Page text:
Category Archives: Fermentation

Fermentation tips and tricks for the beginner or experienced culturist.

Culturing Recipes For the Week…

curd chillies
Yoghurt curd chillies use in many dishes for a tart and spicy taste

Curd Chillies From India

For an easy cultured condiment that may be added to many dishes, try curd chili. The name makes it sound hot; however, the addition of fermented curd cools down the chilies heat. Any type of traditional yogurt style starter will make the curd needed for the recipe.

The finished product is a pickle of sort, as the curd softens the chili and ferments it at the same time. It goes very nice with curd rice (see recipe below).

Recipe Ingredients:

– 1 kg fresh red chillies
– 3 tbsp sea/rock salt
– 1 cup very thick, drained yoghurt, Fil, or Viili
– 1 cup tamarind juice (soak golf ball-sized lump of tamarind in 1 cup water for 15
minutes and squeeze out juice or use tamarind paste)

Pre-heat oven to 100 Deg C or 220 Deg F

Mix salt, yoghurt culture, and tamarind in large bowl.  Add chilies until coated with mixture.  If mixture will not stay on chilies, try coating chilies with flour or thicken mixture with a thickening agent.

Place coated chilies on a baking tray and heat until chilies are dried.  Turn chilies to cook even and coat all the area.

Store the dried cultured chilies in a air tight jar. Use as is or fry in some oil.

HINTS and TIPS:

  • Use as is or fry in a little oil
  • When making the curd, drain the whey off by hanging in cheesecloth.
    The thicker curd will sick better to the chilies.
  • Add to lentil dishes, curries, or other dishes for a tart, sour, and hot taste!

 

Curd Rice Recipe

Curded Rice is a nice way to use leftover rice or add some punch to an entrée

– 3 tbsp vegetable/coconut/sunflower cooking oil
– 2 cups cooked rice (day old rice may work better)
– 2 1/2 cups water – Salt to taste
– 1 cup cultured yoghurt (your choice on type)
– 1 tsp mustard seeds (toasted)
– 3 dry red chillies
– 5 to 6 curry leaves
– Coriander leaves to garnish

In a large pot, mix cooked rice with the yoghurt and salt.
In hot pan heat oil and fry off mustard seeds, curry leaves, and chillies. Cook until chillies blacken in colour.
Mix this into the rice and serve topped with fresh coriander/cilantro leaf.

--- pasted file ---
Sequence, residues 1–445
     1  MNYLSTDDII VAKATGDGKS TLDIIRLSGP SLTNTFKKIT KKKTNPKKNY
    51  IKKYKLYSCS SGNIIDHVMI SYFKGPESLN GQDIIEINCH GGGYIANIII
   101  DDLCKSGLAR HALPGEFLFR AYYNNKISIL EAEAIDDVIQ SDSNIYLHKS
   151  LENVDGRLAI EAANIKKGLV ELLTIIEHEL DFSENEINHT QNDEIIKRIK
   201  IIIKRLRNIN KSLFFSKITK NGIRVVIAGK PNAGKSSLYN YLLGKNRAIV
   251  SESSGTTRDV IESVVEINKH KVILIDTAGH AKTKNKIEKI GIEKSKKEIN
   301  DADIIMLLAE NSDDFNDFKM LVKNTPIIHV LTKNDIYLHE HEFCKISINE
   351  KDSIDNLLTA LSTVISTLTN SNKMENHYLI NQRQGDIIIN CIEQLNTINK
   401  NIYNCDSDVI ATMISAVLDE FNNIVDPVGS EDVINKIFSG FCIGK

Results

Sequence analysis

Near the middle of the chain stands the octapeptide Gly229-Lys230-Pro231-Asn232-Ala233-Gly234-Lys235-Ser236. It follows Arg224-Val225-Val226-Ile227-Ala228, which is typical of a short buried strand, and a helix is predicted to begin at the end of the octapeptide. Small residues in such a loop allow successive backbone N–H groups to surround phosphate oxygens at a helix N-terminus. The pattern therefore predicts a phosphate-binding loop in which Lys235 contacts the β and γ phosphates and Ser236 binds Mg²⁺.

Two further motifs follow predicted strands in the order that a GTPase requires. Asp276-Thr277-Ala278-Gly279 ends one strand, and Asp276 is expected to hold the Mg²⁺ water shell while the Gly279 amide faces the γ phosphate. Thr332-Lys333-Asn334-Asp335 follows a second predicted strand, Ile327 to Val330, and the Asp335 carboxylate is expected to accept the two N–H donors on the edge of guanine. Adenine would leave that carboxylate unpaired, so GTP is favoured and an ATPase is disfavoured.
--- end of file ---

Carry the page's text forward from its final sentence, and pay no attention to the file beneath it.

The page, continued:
This makes a great addition as a side dish to the meal.

We hope everyone enjoys these recipes and Happy Culturing!

The Never Ending…Cup of Life Updated 2/8/15

Making Pro-biotics Part of Your Daily Life and Health

Probiotic Beverage
A Cup of Living Probiotic Beverage

As we move into the new year, many people strive to make healthier choices through ‘resolutions’. Intake of living foods is vital for great health and proper digestion. Consuming living foods/pro-biotics is an easy resolution anyone can follow to increase health and wellbeing. Ways to obtain living foods can include eating a RAW food diet, fermentation of foods, or by capsule form. Capsule forms of pro-biotic are very expensive over traditional cultured foods and beverages, like live kefir cheese or ginger brew. We believe eating a diet of raw foods is as close to nature and a natural way to ingest the highest degree of nutrients. Adding fermented foods into the diet allows a higher degree of pro-biotics intake over a standard a raw diet, assists in absorption of nutrients, and provides a much greater array of healthy foods.
 
  Here at Organic-Cultures, we use a method that insures daily pro-biotic intake. We call it ‘The Cup of Life’! Without beneficial yeast and bacteria, human life would not subsist. This method would fall under fermentation and RAW food choices. Using the ‘Cup’ method is very simple to implement into your daily routine. First, you will need a drinking container, water bottle, etc. A quart size vessel seems to work best. Next, fill your container with your favorite water type cultured food drink. Liquid type cultures work better than dairy culture starters. Your choices range from any type of water kefir grains, kombucha tea or JUN, and ginger brew. One may mix different types/strains of fermented beverage to increase the pro-biotic array